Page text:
Exclusion j(6) bars coverage for damage to “that particular part of any property that must be restored, repaired, or replaced because ‘your work’ was incorrectly performed on it.” The plain language of the exclusion contradicts the statement from Advantage Homebuilding that the court selectively quotes. The exclusion only applies to that particular part of any property that must be restored, repaired, or replaced due to faulty work. Consequential damage caused by the failure of that particular part faultily constructed is not barred from coverage by j(6). Accordingly, the Advantage Homebuilding court explained that “the express exception to exclusion j(6), though, allows an insured to recover consequential damages that arise out of his or her faulty workmanship after the completion of the work.”

The court here indicated that the HOA “suffered damages resulting from HT Services’ defectively constructed retaining walls.”3  Because j(6) does not apply to consequential damage to other parts of the broader project which are not defective, it is unclear why the court extended its application here, when it did not need to address the exclusion in the first instance.

Another issue with the j(6) analysis is its failure to discuss the “products-completed operations hazard.” A standard CGL provides that the j(6) exclusion does not apply to property damage included in the “products-completed operations hazard.” Given that the retaining wall was completed in February 2012, and the HOA sued HT Services in 2016, it is hard to reconcile the court’s failure to address this exception, especially in a duty to defend case with allegations stating that there was consequential, resulting damage when a court need only find a single allegation that could potentially be covered in order to extend the insured a defense.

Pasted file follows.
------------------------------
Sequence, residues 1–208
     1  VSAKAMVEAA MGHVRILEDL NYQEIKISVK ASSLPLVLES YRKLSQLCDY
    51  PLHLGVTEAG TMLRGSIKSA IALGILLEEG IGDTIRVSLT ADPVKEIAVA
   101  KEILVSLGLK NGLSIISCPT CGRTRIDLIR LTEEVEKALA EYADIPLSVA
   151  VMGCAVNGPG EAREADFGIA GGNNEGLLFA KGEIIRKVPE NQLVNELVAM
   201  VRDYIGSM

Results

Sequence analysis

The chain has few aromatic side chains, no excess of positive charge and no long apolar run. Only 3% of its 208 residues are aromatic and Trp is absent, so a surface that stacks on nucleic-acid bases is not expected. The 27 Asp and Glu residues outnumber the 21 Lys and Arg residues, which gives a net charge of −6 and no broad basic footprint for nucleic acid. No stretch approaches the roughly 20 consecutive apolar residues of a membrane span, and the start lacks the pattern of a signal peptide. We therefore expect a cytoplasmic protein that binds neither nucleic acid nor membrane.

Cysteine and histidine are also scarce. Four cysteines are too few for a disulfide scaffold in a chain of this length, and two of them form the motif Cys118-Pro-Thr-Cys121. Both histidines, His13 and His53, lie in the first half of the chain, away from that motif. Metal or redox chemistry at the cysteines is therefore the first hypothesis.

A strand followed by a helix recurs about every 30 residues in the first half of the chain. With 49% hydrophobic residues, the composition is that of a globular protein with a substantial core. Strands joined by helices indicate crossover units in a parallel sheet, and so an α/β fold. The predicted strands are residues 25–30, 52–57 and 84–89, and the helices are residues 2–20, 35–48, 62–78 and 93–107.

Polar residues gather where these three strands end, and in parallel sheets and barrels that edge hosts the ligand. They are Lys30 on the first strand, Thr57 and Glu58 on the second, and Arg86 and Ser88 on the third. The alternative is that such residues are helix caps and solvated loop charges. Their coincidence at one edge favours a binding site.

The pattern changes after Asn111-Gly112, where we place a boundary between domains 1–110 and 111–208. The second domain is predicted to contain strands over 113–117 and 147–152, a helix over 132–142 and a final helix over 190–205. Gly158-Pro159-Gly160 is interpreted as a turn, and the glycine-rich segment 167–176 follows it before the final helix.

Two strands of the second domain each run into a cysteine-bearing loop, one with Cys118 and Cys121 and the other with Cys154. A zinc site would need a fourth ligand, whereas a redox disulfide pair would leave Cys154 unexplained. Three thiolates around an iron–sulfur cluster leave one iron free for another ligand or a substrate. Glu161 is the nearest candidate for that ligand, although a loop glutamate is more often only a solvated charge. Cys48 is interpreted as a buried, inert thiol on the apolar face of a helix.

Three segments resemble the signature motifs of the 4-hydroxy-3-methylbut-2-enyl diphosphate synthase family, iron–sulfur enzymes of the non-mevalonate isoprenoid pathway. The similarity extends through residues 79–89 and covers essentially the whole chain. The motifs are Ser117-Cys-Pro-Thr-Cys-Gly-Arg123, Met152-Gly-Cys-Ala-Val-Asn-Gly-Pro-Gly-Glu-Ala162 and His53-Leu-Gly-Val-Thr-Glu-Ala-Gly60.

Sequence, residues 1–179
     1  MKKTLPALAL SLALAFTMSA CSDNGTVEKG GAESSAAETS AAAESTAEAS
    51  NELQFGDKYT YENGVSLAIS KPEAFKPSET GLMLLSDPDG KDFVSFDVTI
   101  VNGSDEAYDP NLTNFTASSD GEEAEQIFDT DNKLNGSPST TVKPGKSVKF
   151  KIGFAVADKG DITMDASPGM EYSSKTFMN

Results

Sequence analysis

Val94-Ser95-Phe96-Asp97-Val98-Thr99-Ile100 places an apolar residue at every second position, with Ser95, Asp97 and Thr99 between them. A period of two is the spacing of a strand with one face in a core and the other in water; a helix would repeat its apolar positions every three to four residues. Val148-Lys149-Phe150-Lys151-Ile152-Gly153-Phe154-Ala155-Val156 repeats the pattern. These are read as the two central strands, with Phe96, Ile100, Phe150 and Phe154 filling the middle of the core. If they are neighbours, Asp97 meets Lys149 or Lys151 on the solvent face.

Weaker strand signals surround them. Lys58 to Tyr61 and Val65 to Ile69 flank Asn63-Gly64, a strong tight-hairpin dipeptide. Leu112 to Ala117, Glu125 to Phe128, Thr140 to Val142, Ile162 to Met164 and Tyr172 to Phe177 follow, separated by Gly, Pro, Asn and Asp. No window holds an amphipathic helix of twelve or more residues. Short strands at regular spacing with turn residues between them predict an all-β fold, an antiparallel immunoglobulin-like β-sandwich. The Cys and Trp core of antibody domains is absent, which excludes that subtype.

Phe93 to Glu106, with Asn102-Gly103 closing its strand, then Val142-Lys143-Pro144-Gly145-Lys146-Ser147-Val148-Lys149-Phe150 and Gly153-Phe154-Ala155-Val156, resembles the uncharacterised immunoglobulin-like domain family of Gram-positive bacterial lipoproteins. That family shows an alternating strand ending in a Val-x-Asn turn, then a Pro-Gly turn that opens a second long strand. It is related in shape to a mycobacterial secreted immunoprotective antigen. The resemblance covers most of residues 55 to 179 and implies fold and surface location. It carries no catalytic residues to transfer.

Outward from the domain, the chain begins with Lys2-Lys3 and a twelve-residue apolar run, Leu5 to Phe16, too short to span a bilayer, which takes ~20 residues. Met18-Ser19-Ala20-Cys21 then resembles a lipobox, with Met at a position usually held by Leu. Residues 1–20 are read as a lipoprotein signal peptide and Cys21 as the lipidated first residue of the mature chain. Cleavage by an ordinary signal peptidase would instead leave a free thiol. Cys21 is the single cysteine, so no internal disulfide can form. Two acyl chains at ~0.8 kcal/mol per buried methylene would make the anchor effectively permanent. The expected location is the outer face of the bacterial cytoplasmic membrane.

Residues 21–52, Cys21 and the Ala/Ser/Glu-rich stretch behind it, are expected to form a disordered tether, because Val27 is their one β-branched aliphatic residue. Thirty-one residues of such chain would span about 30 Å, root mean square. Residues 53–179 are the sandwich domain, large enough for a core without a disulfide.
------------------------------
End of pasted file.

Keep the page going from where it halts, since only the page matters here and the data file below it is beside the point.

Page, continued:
The policies held by HT Services also contained a CG 21 04 exclusion, which bars coverage for all property damage included within the products completed operations hazard.4 The presence of this exclusion makes the court’s reliance on j(6) all the more surprising, as this exclusion would have been a far more appropriate basis for the court’s decision than j(6).

The impact of this case is uncertain, as it is not entirely clear that the court understood its statements about j(6) seemed to undermine j(6)’s exception for completed operations liability. However, policyholders should be prepared for this case to be cited by insurers in Colorado construction defect situations. Fortunately, the case casts Advantage Homebuilding, which seems to properly outline the framework for application of j(6) and coverage for damage resulting from faulty work, in a positive light. In any construction defect claim in Colorado, the policyholder’s focus should continue to be identifying and focusing on the components of the claim that constitute damage resulting from faulty work and the “rip and tear” amounts necessarily incurred to access and fix such work. 

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1HT Services, LLC v. Western Heritage Ins. Co., 2021 WL 2206323 (10th Cir. 2021).
2Advantage Homebuilding LLC v. Md. Cas. Co., 470 F.3d 1003, 1012 (10th Cir. 2006).
3(Emphasis added).
4Letter from Nationwide/Western Heritage, Pl’s. Mot. For Partial Summ. J., Ex. 10 at 13, ECF No. 26-11